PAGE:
23. You can also test the Data and Data/{idStr} operations as follows (note that data is indeed returned in JSON format):
  24. You cannot directly test the SetData operation because it requires the browser to use a POST verb (it will actually use an HTTP GET) - if you try you’ll get something like the following:
  25. To prove to yourself what's going on, download a copy of Fiddler2 (if you don't already have this wonderful (free) web and network development debugging tool!) and run it
  26. Access http://localhost/WcfRestService/Data and watch what happens in Fiddler:
  27. Select the Inspectors tab and then select the Request Headers tab. The Response Raw tab shows the data returned. Notice how the request header clearly shows the HTTP command used to retrieve the data: GET /WcfRestService/Data HTTP/1.1
  28. Now try accessing the following URI to insert some data:

    http://localhost/WcfRestService/SetData?id=99&name=test:

  29. You should see in Fiddler something like the following:
  30. You can clearly see that an HTTP GET was used and that the response from our server was a 405 error (method not allowed). We can also see that the response denotes that only a POST is allowed (because that's what we configured in the operation's [WebInvoke] UriTemplate)
  31. We can use Fiddler to manually construct the required POST request.

    Select the Request Builder tab and then drag the previous (failed) GET request into the Request Builder tab:
  32. Edit the request. Set the HTTP verb to POST and add a content-length (of zero) parameter to the header as shown. Now click the Execute button
  33. You should see that the operation is carried out and the required data inserted (note the new entry at the end of the list in the JSON tab):

 

Creating a Console REST Client

Creating a .NET client for our service is reasonably straightforward. However, you cannot use the normal Visual Studio Add Service Reference proxy-generation procedure - that is only for use with WCF/SOAP-based services.

The approach taken is to construct a request programmatically using an HttpWebRequest object, while the response is handled by HttpWebResponse and StreamReader objects.

The following code shows all that's required to implement a simple console-based REST client app:

  using System;
  using System.Collections.Generic;
  using System.Linq;
  using System.Text;
  using System.Net;
  using System.IO;
  
  namespace WcfRestClient
  {
      class Program
      {
          static void Main(string[] args)
          {
              string data;
              StreamReader reader;
              Uri serviceUri;
  
              // *** Use HTTP GET to call the Data operation ***
              // ***********************************************
  
              serviceUri = new Uri("http://localhost/WcfRestService/Data");
              HttpWebRequest request = (HttpWebRequest)HttpWebRequest.Create(serviceUri);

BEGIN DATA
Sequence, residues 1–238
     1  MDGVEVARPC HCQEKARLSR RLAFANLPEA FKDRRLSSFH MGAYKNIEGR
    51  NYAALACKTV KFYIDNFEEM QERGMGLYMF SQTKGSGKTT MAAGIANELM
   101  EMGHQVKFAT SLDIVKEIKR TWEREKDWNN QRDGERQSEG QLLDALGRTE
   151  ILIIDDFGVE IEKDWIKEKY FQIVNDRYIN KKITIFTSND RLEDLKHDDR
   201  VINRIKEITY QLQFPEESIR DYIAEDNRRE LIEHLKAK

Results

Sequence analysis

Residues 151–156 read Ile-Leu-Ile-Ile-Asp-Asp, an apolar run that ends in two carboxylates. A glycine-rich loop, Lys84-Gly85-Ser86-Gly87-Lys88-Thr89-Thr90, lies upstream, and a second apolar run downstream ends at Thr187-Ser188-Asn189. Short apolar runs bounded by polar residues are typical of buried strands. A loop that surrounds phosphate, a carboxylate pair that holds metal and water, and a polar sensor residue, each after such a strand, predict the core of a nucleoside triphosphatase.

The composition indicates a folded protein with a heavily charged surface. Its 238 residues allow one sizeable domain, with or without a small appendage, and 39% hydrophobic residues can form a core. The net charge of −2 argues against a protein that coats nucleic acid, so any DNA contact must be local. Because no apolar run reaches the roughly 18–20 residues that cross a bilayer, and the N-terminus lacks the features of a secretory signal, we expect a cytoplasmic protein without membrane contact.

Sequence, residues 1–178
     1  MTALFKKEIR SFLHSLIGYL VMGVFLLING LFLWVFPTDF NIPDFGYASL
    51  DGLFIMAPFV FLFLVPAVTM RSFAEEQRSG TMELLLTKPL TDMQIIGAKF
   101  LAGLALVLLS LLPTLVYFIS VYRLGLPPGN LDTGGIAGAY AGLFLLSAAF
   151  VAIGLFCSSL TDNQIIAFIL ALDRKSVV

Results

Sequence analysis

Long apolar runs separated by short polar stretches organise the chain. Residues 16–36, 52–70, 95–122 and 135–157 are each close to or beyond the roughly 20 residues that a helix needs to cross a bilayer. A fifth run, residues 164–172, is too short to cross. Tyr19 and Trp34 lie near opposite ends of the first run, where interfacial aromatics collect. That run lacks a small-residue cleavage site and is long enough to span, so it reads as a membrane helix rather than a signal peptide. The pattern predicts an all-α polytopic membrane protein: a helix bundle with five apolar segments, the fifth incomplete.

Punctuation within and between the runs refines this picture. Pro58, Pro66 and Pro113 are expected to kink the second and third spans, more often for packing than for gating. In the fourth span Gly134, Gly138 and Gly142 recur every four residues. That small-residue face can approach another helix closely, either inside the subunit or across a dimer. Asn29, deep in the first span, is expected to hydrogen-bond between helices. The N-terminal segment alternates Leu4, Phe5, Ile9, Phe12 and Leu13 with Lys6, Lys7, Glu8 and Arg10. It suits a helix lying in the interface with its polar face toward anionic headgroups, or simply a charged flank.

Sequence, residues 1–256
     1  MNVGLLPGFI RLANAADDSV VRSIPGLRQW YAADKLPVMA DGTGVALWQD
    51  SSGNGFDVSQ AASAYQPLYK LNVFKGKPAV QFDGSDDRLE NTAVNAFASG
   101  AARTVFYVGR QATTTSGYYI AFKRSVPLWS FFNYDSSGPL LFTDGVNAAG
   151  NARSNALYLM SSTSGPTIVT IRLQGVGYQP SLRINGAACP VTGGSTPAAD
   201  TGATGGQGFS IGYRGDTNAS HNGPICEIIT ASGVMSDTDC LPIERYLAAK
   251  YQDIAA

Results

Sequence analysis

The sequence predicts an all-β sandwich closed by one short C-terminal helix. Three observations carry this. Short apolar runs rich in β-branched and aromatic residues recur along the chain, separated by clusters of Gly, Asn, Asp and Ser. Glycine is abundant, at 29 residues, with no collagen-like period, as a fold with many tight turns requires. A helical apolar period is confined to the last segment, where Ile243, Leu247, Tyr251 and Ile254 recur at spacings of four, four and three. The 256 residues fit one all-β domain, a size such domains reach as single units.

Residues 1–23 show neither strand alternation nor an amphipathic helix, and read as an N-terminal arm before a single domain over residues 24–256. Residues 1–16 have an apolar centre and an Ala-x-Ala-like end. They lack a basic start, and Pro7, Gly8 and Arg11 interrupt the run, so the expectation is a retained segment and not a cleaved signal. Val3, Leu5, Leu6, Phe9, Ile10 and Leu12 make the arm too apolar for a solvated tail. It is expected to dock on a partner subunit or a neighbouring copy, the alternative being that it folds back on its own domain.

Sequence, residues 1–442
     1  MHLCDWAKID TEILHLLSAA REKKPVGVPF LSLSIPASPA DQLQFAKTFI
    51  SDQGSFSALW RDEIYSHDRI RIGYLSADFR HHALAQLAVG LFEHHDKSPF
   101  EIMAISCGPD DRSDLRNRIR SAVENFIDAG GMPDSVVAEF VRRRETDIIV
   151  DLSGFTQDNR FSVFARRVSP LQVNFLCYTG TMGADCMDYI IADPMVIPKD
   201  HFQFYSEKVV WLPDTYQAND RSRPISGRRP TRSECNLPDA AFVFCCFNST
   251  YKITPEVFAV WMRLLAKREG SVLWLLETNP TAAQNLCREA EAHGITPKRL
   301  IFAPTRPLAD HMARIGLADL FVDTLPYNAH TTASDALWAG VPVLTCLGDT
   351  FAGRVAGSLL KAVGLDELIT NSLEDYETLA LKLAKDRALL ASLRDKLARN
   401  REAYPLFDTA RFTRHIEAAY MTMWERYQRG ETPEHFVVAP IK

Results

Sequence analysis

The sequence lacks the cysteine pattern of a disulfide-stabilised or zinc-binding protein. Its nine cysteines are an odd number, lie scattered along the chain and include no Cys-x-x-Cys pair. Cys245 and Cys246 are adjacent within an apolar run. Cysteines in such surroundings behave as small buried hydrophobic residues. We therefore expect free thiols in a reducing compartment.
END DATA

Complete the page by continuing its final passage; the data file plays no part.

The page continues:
request.Method = "GET"; // HTTP verb
              request.ContentType = "application/json; charset=utf-8";
  
              HttpWebResponse response = (HttpWebResponse)request.GetResponse();
              using (reader = new StreamReader(response.GetResponseStream()))
              {
                  data = reader.ReadToEnd();
              }
  
              Console.WriteLine("Response from GET (Data) service (" + 
                serviceUri.ToString() + "):");
              Console.WriteLine("  " + data);
  
              // *** Use HTTP POST to call the SetData operation ***
              // ***************************************************
              
              serviceUri = new Uri("http://localhost/WcfRestService/SetData");
              request = (HttpWebRequest)HttpWebRequest.Create(serviceUri);
              request.Method = "POST"; // HTTP verb
              request.ContentLength = 0;
              response = (HttpWebResponse)request.GetResponse();
              using (reader = new StreamReader(response.GetResponseStream()))
              {
                  data = reader.ReadToEnd();
              }
  
              Console.WriteLine("Response from POST (SetData) service (" + 
                serviceUri.ToString() + "):");
              Console.WriteLine("  " + data);
              Console.ReadLine();
          }
      }
  }
  

Creating a jQuery Client

Consuming REST-based services from JavaScript (here we use jQuery (version 1.5.1) to simplify the necessary AJAX calls) is very straightforward.

In this example we create a simple HTML/JavaScript client with the following interface:

The code shown below makes use of the jQuery $.ajax() method to call our WCF service's operations. As an example, let's take the code snippet that calls the http://localhost/WcfRestService/Data operation.

  $(function () {
      // Get a list of all data items
      $("#listBtn").click(function () {
          $.ajax(
          {
              type: 'GET',
              url: "http://localhost/WcfRestService/Data",
              cache: false,
              dataType: 'json',
              success: function (data) {
                  ListResults(data);
              },
              error: function (XMLHttpRequest, textStatus, errorThrown) {
                  $("#out").html("Error: " + errorThrown);
              }
          });
      });